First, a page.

As Buddhist spiritual practice finds an increasing presence within American society, there is both an opportunity and a need to train Buddhist practitioners to serve as spiritual caregivers and chaplains. The Sati Center for Buddhist Studies is offering a yearlong training program to provide an introduction to spiritual care skills from a Buddhist perspective. This is a unique opportunity to study Buddhist principles and practices relevant to spiritual caregiving, as well as an introduction to the psychological, social, and ethical issues related to chaplaincy.
This 11-month program is designed to meet the needs of people in a variety of ways:
- Introductory training for those interested in becoming volunteer or professional chaplains in hospitals, hospices, jails and other places where spiritual care is needed. (The training does not meet all the requirements needed for professional certification as a chaplain.)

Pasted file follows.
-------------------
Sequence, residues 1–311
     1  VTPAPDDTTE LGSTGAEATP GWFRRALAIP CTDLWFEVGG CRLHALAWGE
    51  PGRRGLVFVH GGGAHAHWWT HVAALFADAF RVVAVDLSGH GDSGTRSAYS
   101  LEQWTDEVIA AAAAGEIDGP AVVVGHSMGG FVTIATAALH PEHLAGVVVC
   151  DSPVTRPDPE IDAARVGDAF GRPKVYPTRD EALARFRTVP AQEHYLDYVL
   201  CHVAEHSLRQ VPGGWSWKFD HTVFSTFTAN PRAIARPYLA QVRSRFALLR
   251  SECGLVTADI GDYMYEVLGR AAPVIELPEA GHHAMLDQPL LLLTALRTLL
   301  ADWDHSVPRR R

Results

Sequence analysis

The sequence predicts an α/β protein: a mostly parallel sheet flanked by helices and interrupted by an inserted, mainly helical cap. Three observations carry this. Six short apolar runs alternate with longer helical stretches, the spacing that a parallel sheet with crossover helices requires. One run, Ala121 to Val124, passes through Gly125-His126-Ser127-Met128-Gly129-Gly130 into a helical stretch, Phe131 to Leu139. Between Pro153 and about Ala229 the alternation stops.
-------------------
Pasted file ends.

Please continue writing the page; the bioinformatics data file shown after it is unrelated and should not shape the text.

- Fulfilling one requirement that certain Buddhist groups have to endorse or ordain a member to become a Buddhist Chaplain.
- Basic training in spiritual care: attending the sick and dying, performing weddings, memorials and other ceremonies, and offering spiritual direction for interested Buddhist clergy and lay practitioners.
Click on the following for more information:
Click here for writings by Buddhist Chaplaincy students. Their voices give example to the nature of training in Buddhist Chaplaincy.
Each spring, an introduction to Buddhist chaplaincy event is sponsored by The Sati Center and The Institute for Buddhist Studies. Click here for more information.